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Boeing discovers issue with 737 Max flight computers, source says

Boeing's troubled 737 Max has run into a new glitch. During a recent technical review involving the Max, Boeing observed an issue with the plane's flight computers, according to a source familiar with the matter. The source said the issue is not related to the software revisions Boeing made to address the cause of two fatal crashes that killed 346 people, and would not occur during flight. The Max has been grounded since March following the second of those crashes. ( More...

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Robert Cowling 28
Altogether now: 'WE WANT THE 757 BACK! WE WANT THE 757 BACK! WE WANT THE 757 BACK!!!'
dav555 11
I've also advocated for an updated and improved 757. It's such a great aircraft and could be successful IMO. I like the idea of a brand new Middle of the Market aircraft, but perhaps Boeing does not need to reinvent the wheel here and could save a lot of money. Of course, they tried this with the 737 which so far hasn't worked out so well so it would be a risky prospect.
Matt West 4
I am an Airbus fan, but I LOVE the 757. I’ve travelled to Alaska and Hawaii on it, as well as many, many CONUS flights, and it’s been perfect.

I never understood why the -300 version was so unpopular compared to the-200. As far as I remember only two US airlines ordered it. Maybe because It was considered obsolete, but I think it was great.

The greatest experience I first had as a passenger was those Rolls engines throttling up for take off...I still remember being pushed back in my seat. I really do wish they’d bring it back.
Jim Goldfuss 9
I agree. They claim the 757 was too "heavy" to be competitive in todays environment, but if you use composites and build it like todays aircraft, seems you would have an exceptional plane. Say what you like about Boeing, but the 757 was one plane they got right from the start and no one (yes, not even Airbus) has been able to match it's performance (apples to apples)
Jeff Phipps 2
A lot of people don't know that the 757 tooling and complete line was destroyed by Boeing when the program was shuttered. I don't know exactly why they do this. Perhaps so it doesn't fall into the wrong hands when it gets moth-balled. In any case, it means the 757 is never going to get built again.
mbrews 1
- This oft-repeated story about destroyed tooling has taken on a life of its own. Its an OPINION, not a fact or conclusion. Boeing could reasonably investigate the costs & benefits to develop a "757 neo " to leverage an existing, certified design with fast time to market, and lower risk to certification. It simply means weighing the monetary versus regulatory factors. In case you didn't know, 757s were built at Boeing Renton site where space and production resources became focused on high demand 737s. Who knows - since the 747-8 production line is petering out, the Everett 747 line and space might become re-purposed for 757 neo.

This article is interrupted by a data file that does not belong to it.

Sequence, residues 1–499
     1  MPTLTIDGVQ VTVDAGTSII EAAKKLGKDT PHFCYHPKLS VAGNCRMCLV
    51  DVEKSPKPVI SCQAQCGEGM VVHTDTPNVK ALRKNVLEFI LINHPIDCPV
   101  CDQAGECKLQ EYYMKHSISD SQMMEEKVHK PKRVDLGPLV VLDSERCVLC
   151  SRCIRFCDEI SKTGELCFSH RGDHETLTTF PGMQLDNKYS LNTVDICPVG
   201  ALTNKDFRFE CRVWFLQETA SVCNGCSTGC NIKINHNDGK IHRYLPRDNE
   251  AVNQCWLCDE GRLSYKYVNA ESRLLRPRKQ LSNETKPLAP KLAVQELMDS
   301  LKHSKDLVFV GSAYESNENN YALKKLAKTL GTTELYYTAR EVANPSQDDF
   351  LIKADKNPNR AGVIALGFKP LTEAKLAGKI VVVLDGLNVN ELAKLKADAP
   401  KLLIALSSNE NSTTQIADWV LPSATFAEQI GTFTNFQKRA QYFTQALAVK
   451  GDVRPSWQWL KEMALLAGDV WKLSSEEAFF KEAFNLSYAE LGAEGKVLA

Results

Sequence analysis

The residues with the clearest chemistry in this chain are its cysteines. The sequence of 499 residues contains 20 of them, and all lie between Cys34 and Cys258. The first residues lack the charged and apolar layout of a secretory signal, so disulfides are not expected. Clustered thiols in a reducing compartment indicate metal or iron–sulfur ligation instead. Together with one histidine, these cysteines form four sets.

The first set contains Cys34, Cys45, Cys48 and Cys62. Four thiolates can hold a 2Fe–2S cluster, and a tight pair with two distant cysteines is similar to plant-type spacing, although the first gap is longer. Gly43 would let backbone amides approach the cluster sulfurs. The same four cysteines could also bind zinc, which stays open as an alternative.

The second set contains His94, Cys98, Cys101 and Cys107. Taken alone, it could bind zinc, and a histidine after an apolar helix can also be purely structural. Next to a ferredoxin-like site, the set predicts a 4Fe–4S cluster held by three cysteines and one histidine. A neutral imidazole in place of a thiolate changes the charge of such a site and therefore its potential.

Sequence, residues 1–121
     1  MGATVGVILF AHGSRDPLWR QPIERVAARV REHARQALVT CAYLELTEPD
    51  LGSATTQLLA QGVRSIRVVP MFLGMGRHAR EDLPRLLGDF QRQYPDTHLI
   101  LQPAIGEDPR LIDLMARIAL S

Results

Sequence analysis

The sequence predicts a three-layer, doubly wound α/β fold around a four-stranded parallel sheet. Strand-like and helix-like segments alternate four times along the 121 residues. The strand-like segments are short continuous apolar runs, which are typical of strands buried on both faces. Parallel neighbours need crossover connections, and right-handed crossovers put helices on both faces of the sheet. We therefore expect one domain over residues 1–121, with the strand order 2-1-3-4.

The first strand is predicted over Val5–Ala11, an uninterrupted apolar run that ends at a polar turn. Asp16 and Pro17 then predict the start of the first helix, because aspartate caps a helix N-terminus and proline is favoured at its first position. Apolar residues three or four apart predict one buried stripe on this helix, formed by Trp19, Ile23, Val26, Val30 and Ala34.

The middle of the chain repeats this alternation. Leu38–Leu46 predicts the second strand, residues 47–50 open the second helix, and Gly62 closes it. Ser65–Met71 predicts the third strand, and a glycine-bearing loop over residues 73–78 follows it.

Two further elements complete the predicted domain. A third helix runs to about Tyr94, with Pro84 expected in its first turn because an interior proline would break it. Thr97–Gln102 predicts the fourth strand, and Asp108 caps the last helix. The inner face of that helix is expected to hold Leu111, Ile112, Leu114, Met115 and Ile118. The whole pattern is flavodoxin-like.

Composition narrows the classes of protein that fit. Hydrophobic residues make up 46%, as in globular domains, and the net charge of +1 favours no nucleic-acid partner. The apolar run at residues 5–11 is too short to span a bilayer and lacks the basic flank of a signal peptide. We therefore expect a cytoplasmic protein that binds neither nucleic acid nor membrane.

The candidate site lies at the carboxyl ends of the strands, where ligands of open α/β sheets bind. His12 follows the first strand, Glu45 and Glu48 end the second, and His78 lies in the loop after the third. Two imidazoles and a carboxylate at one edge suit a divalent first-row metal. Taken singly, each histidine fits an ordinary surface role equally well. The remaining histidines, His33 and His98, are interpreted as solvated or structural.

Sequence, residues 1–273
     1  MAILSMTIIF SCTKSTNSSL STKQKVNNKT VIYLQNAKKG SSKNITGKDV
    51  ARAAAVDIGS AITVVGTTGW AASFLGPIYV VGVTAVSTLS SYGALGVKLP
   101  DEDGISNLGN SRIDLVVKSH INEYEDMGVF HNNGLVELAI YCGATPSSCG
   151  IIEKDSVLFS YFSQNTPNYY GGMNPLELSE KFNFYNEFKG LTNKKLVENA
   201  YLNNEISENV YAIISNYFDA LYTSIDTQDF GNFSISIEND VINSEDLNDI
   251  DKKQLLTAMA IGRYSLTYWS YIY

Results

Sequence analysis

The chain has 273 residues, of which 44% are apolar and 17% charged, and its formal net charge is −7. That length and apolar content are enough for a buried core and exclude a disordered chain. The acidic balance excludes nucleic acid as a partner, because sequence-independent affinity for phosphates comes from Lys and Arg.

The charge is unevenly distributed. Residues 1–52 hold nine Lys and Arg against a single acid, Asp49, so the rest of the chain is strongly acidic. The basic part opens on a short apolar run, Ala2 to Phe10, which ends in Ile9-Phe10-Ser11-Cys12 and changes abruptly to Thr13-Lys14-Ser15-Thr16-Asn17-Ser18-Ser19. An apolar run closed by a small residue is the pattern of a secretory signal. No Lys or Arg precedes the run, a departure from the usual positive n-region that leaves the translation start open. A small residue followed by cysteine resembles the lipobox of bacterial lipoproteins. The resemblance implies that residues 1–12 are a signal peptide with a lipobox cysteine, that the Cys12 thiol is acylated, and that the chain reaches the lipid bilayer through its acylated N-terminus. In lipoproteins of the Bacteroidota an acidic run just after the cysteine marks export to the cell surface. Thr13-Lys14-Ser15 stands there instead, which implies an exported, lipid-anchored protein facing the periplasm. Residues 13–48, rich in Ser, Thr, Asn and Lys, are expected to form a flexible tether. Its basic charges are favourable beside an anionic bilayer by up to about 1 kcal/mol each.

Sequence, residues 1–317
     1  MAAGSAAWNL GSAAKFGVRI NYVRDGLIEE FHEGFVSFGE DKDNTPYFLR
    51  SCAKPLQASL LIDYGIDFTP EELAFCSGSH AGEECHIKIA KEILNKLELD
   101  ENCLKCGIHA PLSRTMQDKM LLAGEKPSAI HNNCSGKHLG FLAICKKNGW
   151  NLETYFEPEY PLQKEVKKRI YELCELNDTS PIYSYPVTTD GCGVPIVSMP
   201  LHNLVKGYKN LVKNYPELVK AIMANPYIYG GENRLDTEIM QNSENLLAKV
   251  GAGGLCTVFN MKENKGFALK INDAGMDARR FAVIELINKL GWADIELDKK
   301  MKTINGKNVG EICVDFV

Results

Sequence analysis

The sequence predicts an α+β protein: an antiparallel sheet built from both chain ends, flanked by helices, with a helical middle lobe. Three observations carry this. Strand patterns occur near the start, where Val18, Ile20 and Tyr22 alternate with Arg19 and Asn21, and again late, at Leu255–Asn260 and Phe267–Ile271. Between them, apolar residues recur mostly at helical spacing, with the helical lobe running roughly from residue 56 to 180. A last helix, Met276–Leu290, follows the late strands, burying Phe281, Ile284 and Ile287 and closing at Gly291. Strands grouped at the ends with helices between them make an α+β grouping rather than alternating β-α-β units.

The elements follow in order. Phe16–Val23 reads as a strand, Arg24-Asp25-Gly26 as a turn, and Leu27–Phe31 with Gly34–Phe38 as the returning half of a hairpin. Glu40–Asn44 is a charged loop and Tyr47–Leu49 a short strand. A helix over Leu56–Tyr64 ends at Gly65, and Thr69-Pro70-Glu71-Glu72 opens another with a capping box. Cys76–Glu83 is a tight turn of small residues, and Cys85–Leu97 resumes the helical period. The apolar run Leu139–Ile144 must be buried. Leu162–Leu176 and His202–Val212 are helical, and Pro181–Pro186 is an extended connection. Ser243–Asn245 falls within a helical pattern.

Torsten Hoff 1
Keeping the tooling and jigs around ties up a lot of money in storage and maintenance costs -- yes, you need to maintain it even if you don't use it. If you are confident that you are never going to make another 757, then you're better off selling or scrapping the equipment.
The 757 is my absolute favorite liner. When I book travel, the first thing that I look for is who has a 757 going my way.
richard flint 4
You have alot of confidence in the FAA and Boeing considering their failure with this airplane first time around
dav555 19
This whole 737MAX debacle is a real shame. Yes, new planes always have problems that get corrected over time. Unfortunately, this one had an issue that killed people, so now it's under incredible scrutiny. The thing I never liked was that a "Maneuvering Characteristics Augmentation System" is even needed on this aircraft. I'm no engineer, but this tells me that there is something inherently unstable or just "not quite right" in the aerodynamics of this plane. The company was so desperate to compete with Airbus that they chose a quick and dirty way to get something on the market by forcing an existing model to accept the larger fuel efficient engines, plus stretched the fuselage even more to accommodate more passengers on the -10. Boeing screwed up here, plain and simple. Hopefully Boeing will learn a valuable lesson here and move on to bigger and better things.
Don Quixote 7
The software update for MCAS compares information from both AoA sensors—instead of one—before activating, adding a new layer of protection. Also, MCAS will now only activate once and will never provide more input than the pilot can counteract using the control column alone. Pilots will continue to have the ability to override MCAS at any time.
Jim Goldfuss 9
The plane is not unstable. Take out "MCAS" and all that would be required is pilots be certiofied to fly the plane because it didn't handle identical to other 737's. It wasn't unsafe - it was just different. Boeing screwed up with MCAS and how they handled it and didn't communicate it to their customers. The plane itself (without MCAS is stable.
Matt Kladder 9
I will not disagree that Boeing screwed up.

However, MCAS is not required for the aircraft to fly, or to be stable. MCAS is required to be able to keep the same type rating as earlier models. In order for a type rating to be kept, the aircraft must "feel the same" to a pilot flying it. (Additionally systems and flight deck set up must be similar as well)

The Airlines pushed for a type that wouldn't require a new type rating. Boeing was just delivering what their customers wanted. BUT, Boeing rushed it, and screwed it up, and the FAA failed to provide adequate oversight, this is definitely a huge failure on several different entities.

The airframe is safe, the handling characteristics are safe. Even the software would have been O.K. If Boeing would have told pilots about it! I'm confident this airplane will fly safely again for a long time.
Greg S 5
I'm not a pilot, so I have to ask. Do other commercial aircraft have the handling discontinuities that the MAX has? This is what MCAS was correcting. Also, will the MAX now have a different type rating so that pilots will have to get MAX rated before they can fly it?
Roy Hunte 6
The A321Neo has an Ad stating nose pitch up characteristics that MCAS on the Max was supposed to fix, EASA outlined procedures for handling the issue manually.
Roy Hunte 5
AD = Airworthiness Directive
Jim Ward -1
Nose pitch up issue
Hey put some sand bags in the nose compartment. See
Its fixed now. :)
julieort 3
Not with me on it.